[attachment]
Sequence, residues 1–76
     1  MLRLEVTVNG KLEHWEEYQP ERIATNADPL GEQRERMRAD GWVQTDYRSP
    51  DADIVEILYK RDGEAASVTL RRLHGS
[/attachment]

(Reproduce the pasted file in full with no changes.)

Sequence, residues 1–76
     1  MLRLEVTVNG KLEHWEEYQP ERIATNADPL GEQRERMRAD GWVQTDYRSP
    51  DADIVEILYK RDGEAASVTL RRLHGS